Intending to breathe new life into one of Minneapolis' oldest movie houses and best-known entertainment districts, the redevelopers of the Uptown Theatre have booked some homegrown talent and one Rock & Roll Hall of Fame act to kick off their new era.
Twin Cities favorites Yam Haus and Prof and funk legends George Clinton & Parliament-Funkadelic all were announced Tuesday as the first batch of performers at the reborn theater, which is being converted into a 2,500-person concert hall by the same development company that successfully rebirthed the Armory in downtown Minneapolis.
Pop/rock energizers Yam Haus — who made a run on the "American Song Competition" last year — will perform on opening night May 5 at the new Uptown. Hip-hop party man Prof is then scheduled for two nights, June 23-25, followed by viral Australian singer/songwriter Ruel on June 26.
As for Clinton and P-Funk, they're not due to play there until Sept. 16, but tickets for their show will go on sale along with all the others on Friday at 10 a.m. at prices not yet publicized. The "One Nation Under a Groove" and "Atomic Dog" hitmakers will have a special guest with them at the show: George Porter Jr. of New Orleans' mighty Meters, who vies with former P-Funk player Bootsy Collins as the funkiest bassist of all time.
VIP tickets to Prof's shows are already on sale via a new ticketing platform, SeeTickets.com. The second of his gigs, June 25, is all ages. Other ticket information for these concerts has not yet been made available.
The new Uptown Theatre would resemble St. Paul's First Avenue-run Palace Theatre in size and concept, with an open floor and seated balcony and capacity for 2,516, according to city permits. The theater sits on the corner of Hennepin and Lagoon avenues and has long served an anchoring presence there.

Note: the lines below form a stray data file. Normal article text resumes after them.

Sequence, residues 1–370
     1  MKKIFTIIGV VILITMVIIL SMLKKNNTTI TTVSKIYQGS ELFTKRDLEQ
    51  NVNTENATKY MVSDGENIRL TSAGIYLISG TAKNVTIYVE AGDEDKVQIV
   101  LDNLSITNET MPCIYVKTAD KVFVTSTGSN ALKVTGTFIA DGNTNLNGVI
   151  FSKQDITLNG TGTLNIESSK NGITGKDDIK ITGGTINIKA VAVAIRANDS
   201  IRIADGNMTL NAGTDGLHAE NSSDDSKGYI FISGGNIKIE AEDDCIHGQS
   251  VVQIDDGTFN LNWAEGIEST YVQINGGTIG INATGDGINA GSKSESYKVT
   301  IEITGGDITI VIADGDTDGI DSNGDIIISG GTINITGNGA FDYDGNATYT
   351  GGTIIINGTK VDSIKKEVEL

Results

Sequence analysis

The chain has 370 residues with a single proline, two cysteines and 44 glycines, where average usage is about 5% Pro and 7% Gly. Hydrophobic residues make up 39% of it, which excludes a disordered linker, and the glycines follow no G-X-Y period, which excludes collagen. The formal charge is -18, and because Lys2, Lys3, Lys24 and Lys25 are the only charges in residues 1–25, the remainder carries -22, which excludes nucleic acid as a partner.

Its redevelopment comes courtesy of Ned Abdul, whose company Swervo owns the Armory and has remade several other properties in downtown Minneapolis.
After news got out of his plans last year, Abdul told the Star Tribune he believes the new Uptown Theatre can help revive its namesake retail and nightlife neighborhood south of downtown. The area was hit hard with riot damage, crime and vacancies during and after the COVID-19 lockdown and following George Floyd's murder in 2020.
"I love this city, I love Uptown, [and] it makes me sad to see the impact to the city since the pandemic," Abdul said.
"What is missing in Uptown are people. We are making this reinvestment in the neighborhood because I believe this multipurpose venue will be a new destination to help spark the resurgence."
Swervo took over the Legeros Building next door to the Uptown in 2021 to combine the two buildings into one 10,000-plus-square-foot space for concerts, comedy shows and other live events. Among Swervo's partners in booking the reborn space is concert industry giant Live Nation, which also works with the local company at the Armory.
Movies, which were the theater's mainstay for most of its 105-year history, will be only a minor part of programming.
During the pandemic, the company that ran the Uptown for 43 years, Landmark Theatres, failed to pay $340,000 in rent and agreed to vacate the space in June 2021. Landmark also operates Lagoon Cinema, a five-screen multiplex a block away that is still showing movies daily.
Tuesday's press release announcing the first concerts also included these details of how the new Uptown Theatre will operate:
"While it will not be a full-time movie theater anymore, the iconic balcony is staying, allowing for fixed seating. In addition, special film screenings and movie premieres are plausible in the future.
"The theater will offer intimate experiences for fans with a general admission floor and reserved mezzanine seating with incredible intimacy and sightlines of the stage. There will also be premium boxes on the second level with in-seat service."
Here's the initial calendar of concerts announced Tuesday:
- May 5: Uptown Theatre Kick-Off Party with Yam Haus
- June 23: Prof
- June 24: Prof
- June 25: Ruel
- Sept. 16: Parliament-Funkadelic with George Clinton and George Porter Jr.